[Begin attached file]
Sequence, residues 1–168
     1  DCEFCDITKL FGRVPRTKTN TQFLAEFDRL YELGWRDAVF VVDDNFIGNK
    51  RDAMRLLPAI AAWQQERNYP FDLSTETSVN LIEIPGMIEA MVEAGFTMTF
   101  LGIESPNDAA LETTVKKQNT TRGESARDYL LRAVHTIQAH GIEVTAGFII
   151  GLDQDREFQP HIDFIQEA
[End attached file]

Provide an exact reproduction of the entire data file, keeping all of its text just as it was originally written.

Sequence, residues 1–168
     1  DCEFCDITKL FGRVPRTKTN TQFLAEFDRL YELGWRDAVF VVDDNFIGNK
    51  RDAMRLLPAI AAWQQERNYP FDLSTETSVN LIEIPGMIEA MVEAGFTMTF
   101  LGIESPNDAA LETTVKKQNT TRGESARDYL LRAVHTIQAH GIEVTAGFII
   151  GLDQDREFQP HIDFIQEA